One year after the worst holiday shopping season on record, retailers are no doubt breathing a sigh of relief as consumers loosened their purse strings somewhat this year. Things got off to an inauspicious start, as bargain-hunting shoppers held out for the deep discounts they have become accustomed to, and untimely weather dampened prospects for “Super Saturday,” which was expected to be the biggest selling day of the season. However, a last minute surge during Christmas week and strong post-Christmas sales propelled retailers to their best month since April 2008.
As we reported yesterday, same-store sales for December increased 3.0% from a year ago, the 4th straight monthly gain after 12 consecutive monthly declines. Overall holiday (November-December) same-store sales increased 2.2% this year, after plunging 5.2% in 2008. While we are a long way from a strong recovery, results over the last few months have shown the first true signs of stabilization in the industry.
Even with a relatively strong holiday season, 2009 will still go down as the worst year on record for retail. The International Council of Shopping Centers reported that fiscal year comp sales declined 2.0% in 2009, on top of a 1.1% decrease a year ago. Since the firm began tracking retail sales in 1992, the weakest year prior to this recession was 2001, when sales increased by 1.0%. However, the firm anticipates economic recovery forces will underpin a sales improvement, projecting a gain of 3-3.5% in 2010. Many analysts worried that retailers would have to resort to deep discounting again to lure shoppers to the stores, but most companies kept tight control over their inventories and were able to sell merchandise at near full-price. This helped drive robust improvements in gross margins, leading several companies including Aeropostale (NYSE:ARO), TJX (NYSE:TJX) , and Macy’s (NYSE:M) to raise 4th quarter earnings guidance. As a result, most retailers are much better prepared with right-sized inventories heading into the spring selling season.
Although unseasonably cold weather and snowstorms kept shoppers out of the stores for much of December, it didn’t stop people from shopping online. comScore said that total holiday season retail e-commerce sales climbed 4% from a year ago to $29.1 billion, with especially strong growth surrounding Black Friday weekend and the week leading up to Christmas. Several retailers we cover mentioned strong e-commerce sales as a driver for growth in December, including Macy’s (+29.4%), Nordstrom (NYSE:JWN) (+30.1%), and the Children’s Place (NASDAQ:PLCE) (+54%). Online sales were not immune to the recession, posting 3 consecutive quarters of declines beginning with the 4th quarter of 2008. However, after rebounding with a 1.8% increase in the 3rd quarter this year, it looks like e-commerce gained momentum in the last quarter of 2009.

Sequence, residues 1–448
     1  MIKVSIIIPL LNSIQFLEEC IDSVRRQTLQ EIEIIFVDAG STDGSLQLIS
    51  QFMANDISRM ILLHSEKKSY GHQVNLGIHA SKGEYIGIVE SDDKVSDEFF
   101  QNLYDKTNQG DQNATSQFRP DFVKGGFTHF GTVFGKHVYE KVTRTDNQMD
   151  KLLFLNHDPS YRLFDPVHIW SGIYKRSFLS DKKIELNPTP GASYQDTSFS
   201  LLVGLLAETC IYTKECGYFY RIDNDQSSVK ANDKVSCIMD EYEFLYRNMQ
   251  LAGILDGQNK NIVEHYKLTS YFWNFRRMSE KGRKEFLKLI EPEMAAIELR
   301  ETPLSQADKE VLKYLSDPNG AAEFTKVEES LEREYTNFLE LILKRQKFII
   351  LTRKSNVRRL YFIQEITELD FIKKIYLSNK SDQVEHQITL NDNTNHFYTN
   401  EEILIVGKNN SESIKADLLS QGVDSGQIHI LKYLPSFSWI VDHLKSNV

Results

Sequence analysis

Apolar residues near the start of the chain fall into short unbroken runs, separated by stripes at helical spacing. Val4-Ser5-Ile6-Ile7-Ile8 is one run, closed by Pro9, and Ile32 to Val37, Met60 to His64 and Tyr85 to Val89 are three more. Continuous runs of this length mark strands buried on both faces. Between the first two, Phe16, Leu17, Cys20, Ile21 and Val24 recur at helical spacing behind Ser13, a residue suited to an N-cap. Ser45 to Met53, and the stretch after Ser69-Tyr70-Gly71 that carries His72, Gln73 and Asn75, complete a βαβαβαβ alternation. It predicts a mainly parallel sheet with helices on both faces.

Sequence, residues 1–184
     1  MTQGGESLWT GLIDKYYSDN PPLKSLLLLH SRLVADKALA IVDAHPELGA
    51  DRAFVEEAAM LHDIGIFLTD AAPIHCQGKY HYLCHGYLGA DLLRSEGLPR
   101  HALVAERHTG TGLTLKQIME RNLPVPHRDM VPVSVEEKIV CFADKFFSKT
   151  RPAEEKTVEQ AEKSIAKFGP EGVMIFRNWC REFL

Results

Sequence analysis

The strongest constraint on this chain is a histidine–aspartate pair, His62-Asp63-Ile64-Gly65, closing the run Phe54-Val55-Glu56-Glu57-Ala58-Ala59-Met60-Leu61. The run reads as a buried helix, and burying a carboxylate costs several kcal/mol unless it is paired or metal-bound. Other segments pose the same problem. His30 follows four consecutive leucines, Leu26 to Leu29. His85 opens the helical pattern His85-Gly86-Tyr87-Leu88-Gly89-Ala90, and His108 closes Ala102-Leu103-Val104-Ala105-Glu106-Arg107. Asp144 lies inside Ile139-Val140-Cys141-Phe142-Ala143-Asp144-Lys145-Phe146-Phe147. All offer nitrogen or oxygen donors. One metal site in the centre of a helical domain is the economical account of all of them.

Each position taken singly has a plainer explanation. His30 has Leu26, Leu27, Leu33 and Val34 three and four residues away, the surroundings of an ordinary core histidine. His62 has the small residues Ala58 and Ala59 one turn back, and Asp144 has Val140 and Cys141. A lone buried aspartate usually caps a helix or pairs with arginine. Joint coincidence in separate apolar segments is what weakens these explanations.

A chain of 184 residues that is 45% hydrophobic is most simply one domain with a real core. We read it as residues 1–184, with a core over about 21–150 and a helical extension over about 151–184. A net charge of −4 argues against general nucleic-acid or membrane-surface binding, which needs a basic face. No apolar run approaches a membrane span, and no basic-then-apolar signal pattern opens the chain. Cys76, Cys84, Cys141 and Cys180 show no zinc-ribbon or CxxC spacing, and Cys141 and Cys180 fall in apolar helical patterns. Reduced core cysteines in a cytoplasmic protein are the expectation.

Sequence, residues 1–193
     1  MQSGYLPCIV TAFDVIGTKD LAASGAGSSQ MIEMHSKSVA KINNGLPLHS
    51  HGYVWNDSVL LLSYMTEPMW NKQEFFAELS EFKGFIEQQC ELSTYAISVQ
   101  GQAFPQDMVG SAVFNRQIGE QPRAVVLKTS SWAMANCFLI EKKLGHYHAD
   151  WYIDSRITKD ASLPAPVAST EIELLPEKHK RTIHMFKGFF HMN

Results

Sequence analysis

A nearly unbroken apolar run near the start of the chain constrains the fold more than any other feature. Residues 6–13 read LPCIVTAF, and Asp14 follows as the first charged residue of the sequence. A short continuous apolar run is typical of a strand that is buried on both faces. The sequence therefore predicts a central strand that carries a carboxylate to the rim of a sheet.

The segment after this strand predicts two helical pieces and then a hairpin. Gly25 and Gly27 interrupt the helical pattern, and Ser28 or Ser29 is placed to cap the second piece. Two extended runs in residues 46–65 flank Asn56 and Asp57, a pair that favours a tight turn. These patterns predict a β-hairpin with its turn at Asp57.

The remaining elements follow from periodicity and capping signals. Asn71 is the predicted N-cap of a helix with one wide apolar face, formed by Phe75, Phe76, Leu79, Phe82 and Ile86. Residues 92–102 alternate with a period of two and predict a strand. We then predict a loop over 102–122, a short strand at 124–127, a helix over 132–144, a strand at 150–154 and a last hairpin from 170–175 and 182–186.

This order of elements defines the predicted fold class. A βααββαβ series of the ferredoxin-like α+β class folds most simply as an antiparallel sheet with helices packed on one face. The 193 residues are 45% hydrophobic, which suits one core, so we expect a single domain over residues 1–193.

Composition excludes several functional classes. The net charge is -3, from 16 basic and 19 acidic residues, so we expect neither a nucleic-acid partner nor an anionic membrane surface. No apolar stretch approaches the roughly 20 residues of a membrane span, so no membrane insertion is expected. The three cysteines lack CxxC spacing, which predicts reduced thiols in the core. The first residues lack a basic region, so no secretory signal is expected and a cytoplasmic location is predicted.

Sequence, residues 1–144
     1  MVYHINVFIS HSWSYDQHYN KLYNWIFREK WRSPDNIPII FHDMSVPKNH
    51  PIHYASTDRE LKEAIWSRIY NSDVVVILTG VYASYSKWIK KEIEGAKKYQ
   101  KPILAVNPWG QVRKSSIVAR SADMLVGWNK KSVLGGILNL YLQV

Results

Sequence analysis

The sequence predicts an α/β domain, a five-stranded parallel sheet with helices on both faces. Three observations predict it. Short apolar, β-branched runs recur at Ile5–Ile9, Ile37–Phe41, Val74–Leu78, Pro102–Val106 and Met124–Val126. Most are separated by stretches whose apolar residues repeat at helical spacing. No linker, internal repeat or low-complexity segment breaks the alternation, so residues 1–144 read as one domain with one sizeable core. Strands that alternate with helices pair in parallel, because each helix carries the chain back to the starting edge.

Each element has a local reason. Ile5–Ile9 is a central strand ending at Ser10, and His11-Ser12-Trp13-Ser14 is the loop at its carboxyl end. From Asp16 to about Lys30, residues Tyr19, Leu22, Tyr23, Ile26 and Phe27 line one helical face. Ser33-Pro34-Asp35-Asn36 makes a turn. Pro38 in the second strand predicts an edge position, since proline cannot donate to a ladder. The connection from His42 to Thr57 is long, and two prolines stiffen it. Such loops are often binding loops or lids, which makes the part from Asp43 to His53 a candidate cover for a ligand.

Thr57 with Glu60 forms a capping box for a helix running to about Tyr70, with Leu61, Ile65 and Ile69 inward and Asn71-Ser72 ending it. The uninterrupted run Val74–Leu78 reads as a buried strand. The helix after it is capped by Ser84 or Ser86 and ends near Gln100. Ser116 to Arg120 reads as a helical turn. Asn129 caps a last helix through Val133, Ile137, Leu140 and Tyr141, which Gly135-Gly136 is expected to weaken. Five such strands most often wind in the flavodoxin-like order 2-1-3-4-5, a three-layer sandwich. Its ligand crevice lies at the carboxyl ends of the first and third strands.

While online sales only represent about 4% of total retail sales, the e-commerce channel has become an integral part of almost all retailers’ selling strategies. Though 2009 will likely be remembered for the awful sales performance, it will also go down as the year in which multi-channel retailing truly began to define a new paradigm for the industry. With social media, mobile commerce, and other fast-moving technologies enabling consumers ever more ways to shop and interact with each other and retailers, multi-channel integration will no doubt be at the forefront in 2010 and beyond.
With the holiday season in the rear-view mirror, consumers no longer have a “reason to shop” and retailers’ inventories are lean, so January gains will most likely be muted, with ICSC predicting a flat to 1% year-over-year same-store sales gain. While we can safely say the worst is behind us, consumers are still extremely worried about their own finances. Until the housing and employment market show marked improvement, spending will continue to be weak and competition for discretionary dollars will be fierce.
Over the next several weeks we will highlighting some of the retail winners from 2009, and what to expect from these companies in 2010. While 2009 is a year most retailers want to forget, for some of the stronger companies it presented opportunities: off-price retailers TJX and Ross Stores (NASDAQ:ROST) took market share away from specialty retailers and traditional department stores; teen mall-based retailers Aeropostale and The Buckle (NYSE:BKE) outclassed their rivals and grew throughout the recession; Kohl’s (NYSE:KSS) continues to build on its private and exclusive brands, and expanded into new markets by acquiring real estate on the cheap from bankrupt rivals. These are just a few examples of the themes we will be exploring, so stay tuned.
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